The Spartans

…at least had 300:

It is heart breaking that the two defenders of the annex, former SEALs Tyrone Woods and Glen Doherty who were in Libya as security contractors separate from the consulate, ran to the sound of the guns at the consulate–though they were unarmed–and picked up dropped weapons on the way (tip to Instapundit).

They didn’t know what was going on and didn’t have real-time information about what was happening, but they followed their instincts and ran to the sounds of the guns.

It is a good thing that they acted that way, or the American body count could have been much higher–or we’d be discussing Day 47 of America Held Hostage. The two Americans allowed the escape of 20 of our people in the consulate and then they set up a defense perimeter and held off an attack by 100-200 jihadis at the annex.

And they killed 60 of the attackers in their stand.

Our president said he is sharing information about what happened as he finds out. Why have I read this on a blog rather than on the news? Who would be disturbed to hear that our people performed acts of heroism with little hope of help?

Or is this account inaccurate? Certainly, our 20 people did escape the attackers. Those two men at least did that.

But I can’t doubt that it could be true. These were former SEALs. Certainly, they held for many hours. I’ll await further reporting about the jihadi body count. And if true, wonder why this is the first I’ve read of this epic defense. Somebody in the press corps might want to directly ask our president and government just what happened there.

Nah…why would they want to do that?

I think that we should start a meme to award both men a posthumous Medal of Freedom.

10 thoughts on “The Spartans”

    1. As I understand it, they were not active duty. MoH is for action taken as active members of the US military.

  1. Fox News is breathlessly reporting that “everyone” in intelligence was tagging the Benghazi attack as “Al Qaeda, every way and all around, with nothing to do with any video” whereas the DCI, one General David Petraeus, was adamant in saying the opposite, sticking with “flash mob.”

    What gives?

    1. The initial reports from Petraeus were in a closed-door hearing that covered the protests in Cairo as well. (Where there -is- ‘video influence’ because the Muslim Brotherhood helpfully broadcast it over state TV prior to -requesting- protests.)

      Then the Democratic Senators came out and said “Yeah, we heard about protests over this video.” Which would seem to allow for deliberately conflating the two stories in -exactly- the same fashion the press was doing all week.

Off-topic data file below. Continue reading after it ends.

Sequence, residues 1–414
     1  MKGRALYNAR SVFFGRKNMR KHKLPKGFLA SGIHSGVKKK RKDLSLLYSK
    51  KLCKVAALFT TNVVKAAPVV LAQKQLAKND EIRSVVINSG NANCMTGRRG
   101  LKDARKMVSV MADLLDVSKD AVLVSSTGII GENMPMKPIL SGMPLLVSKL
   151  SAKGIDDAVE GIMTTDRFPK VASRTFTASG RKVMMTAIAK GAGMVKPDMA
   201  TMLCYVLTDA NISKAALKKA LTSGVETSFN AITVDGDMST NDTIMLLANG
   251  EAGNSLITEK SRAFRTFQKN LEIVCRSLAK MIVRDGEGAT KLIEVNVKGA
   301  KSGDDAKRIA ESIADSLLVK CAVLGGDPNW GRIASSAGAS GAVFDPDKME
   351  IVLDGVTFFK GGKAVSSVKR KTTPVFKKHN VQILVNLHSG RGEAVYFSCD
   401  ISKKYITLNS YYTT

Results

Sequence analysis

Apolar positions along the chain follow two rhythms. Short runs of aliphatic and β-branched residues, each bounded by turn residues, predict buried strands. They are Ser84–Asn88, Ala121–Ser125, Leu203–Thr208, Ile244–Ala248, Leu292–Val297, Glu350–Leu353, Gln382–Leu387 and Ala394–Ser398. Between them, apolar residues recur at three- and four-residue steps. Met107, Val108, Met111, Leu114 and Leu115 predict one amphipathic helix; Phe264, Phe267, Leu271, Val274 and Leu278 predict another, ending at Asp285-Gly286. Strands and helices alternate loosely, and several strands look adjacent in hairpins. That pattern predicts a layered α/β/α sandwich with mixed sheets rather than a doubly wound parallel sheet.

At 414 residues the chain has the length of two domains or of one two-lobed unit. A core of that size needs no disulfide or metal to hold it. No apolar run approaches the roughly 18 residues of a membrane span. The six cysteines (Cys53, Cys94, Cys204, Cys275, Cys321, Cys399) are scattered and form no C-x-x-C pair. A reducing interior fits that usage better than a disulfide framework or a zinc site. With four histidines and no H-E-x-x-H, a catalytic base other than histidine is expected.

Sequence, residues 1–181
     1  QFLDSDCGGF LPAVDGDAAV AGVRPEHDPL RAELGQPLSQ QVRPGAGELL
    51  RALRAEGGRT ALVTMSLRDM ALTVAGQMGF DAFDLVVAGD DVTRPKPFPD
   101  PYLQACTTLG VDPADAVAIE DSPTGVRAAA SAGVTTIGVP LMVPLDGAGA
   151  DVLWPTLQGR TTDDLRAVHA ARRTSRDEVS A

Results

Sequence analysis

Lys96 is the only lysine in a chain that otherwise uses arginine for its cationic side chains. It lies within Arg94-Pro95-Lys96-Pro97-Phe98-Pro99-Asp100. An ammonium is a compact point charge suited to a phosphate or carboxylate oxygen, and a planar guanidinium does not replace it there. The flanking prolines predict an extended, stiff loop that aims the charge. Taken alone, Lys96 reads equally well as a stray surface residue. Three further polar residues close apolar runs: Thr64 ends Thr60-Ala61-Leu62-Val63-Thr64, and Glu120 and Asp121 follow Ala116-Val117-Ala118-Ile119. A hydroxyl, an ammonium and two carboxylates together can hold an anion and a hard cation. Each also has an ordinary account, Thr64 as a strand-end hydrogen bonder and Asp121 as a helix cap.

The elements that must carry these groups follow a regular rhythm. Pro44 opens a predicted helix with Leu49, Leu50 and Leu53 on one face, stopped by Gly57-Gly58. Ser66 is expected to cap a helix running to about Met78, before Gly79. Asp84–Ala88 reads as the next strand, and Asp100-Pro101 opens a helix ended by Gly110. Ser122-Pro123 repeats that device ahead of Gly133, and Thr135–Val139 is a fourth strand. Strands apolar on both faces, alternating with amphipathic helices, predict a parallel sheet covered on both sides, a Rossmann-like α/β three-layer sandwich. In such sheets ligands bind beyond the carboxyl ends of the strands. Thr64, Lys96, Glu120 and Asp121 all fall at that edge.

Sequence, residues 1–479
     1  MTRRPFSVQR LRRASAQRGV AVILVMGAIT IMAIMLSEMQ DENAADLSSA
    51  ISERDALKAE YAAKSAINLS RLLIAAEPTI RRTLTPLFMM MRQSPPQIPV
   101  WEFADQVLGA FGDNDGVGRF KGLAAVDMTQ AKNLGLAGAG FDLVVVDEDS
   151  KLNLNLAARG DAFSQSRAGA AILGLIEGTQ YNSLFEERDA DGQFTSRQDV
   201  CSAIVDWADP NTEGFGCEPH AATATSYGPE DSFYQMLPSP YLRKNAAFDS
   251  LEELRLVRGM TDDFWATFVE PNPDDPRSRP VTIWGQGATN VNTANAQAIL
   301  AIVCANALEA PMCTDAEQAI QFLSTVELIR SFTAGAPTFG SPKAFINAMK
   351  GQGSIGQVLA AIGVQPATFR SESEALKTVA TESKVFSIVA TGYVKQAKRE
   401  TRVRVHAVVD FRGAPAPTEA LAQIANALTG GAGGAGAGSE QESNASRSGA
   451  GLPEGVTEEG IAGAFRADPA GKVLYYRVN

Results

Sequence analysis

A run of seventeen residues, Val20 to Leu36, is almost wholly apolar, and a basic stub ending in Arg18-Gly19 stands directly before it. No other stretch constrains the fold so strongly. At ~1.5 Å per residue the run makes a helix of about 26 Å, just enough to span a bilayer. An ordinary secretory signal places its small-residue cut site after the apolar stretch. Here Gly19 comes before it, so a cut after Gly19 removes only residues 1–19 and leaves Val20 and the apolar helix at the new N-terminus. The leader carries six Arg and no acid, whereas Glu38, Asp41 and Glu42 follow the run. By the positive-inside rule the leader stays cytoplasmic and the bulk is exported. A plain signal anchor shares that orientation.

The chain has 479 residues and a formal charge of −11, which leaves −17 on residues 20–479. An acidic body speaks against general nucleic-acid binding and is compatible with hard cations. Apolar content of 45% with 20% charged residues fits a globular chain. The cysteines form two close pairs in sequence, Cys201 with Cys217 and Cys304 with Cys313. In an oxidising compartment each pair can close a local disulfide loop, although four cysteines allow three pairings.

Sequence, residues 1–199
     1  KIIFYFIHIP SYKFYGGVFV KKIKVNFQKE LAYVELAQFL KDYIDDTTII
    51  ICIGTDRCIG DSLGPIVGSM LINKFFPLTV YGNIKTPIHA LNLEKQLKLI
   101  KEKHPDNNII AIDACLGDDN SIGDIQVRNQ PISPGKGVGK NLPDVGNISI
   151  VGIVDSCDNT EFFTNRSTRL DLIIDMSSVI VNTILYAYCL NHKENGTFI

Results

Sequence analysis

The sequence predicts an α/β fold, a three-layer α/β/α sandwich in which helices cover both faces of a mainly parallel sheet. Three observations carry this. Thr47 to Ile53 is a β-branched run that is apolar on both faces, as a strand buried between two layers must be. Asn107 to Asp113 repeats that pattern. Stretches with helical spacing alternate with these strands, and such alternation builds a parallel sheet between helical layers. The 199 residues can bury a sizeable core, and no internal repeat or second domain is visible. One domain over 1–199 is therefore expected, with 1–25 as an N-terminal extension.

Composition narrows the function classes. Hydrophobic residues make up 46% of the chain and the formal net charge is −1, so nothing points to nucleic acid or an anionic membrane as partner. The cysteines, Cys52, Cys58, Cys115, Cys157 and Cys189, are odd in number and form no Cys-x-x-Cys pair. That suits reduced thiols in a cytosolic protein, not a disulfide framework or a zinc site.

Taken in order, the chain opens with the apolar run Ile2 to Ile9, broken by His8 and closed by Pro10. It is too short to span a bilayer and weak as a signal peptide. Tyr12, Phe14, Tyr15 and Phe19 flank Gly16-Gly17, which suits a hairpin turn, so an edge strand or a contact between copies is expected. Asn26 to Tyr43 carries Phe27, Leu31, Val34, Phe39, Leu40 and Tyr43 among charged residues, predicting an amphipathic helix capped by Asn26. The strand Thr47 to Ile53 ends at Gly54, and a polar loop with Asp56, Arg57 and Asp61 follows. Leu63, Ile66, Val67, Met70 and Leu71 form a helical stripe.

I haven’t heard Petraeus directly answer this line of questioning himself.

  2. “…at least had 300:”

    At least the 300 (301 if you include King Leonidas), knew there would not be any re-inforcements, help or backup….

    But the 300 did not expect to be betrayed by one of their own (Ephialtes)…..and neither did the Benghazi Defenders (the administration).

    Hmm maybe that’s my new name for Obama..Ephialtes. After Thermopylae, the name “Ephialtes” was added to the Greek Language and it has come to mean “Nightmare”.

    So that’s my new name for Obama….

  3. The OP’s account doesn’t match what I’ve read elsewhere. The mens’ bravery is beyond doubt, but it wasn’t just Woods and Doherty who held off a large force (not mob) of attackers, and they weren’t overwhelmed at the annex. It’s not even clear if both of them were at the annex at the beginning or that one of them was among the group flown in from Tripoli.

    I don’t think anyone from the annex could have saved the ambassador or his aide. With hindsight, maybe they could have saved themselves if they had opened fire on their assailants while they were trying to set the compound on fire. This could have been easier if they had had more firepower. Why did they ony have submachine guns and why weren’t there M16s, flashbangs, gas grenades etc in the safe room? And why weren’t there smoke hoods / rebreather sets in the safe room? And was there firefighting equipment?

    The security force augmented by the reinforcement arriving from the annex did successfully evacuate the remaining personnel and would have held the annex if they had received support, either on the ground or in the air. This wasn’t a heroic last stand, not because it wasn’t heroic, but because it wasn’t a last stand.

    1. Looks like it was 6 people from an unknown government agency sent from Tripoli and escorted by a militia. So, whoever was at the safehouse + 6 + militia against hundreds.

      The picture isn’t too clear on how the attack ended.

  4. Sounds like they ran out of ammo.
    For want of a few bullets, they might have gotten them all.
    Never underestimate the capabilities of well motivated U.S. trained fighting men and women.
    Must anger the other side, to have a couple of retired SEALs hold them at bay for hours, and take out so many of their hand-picked, specially-trained jihadists.

Comments are closed.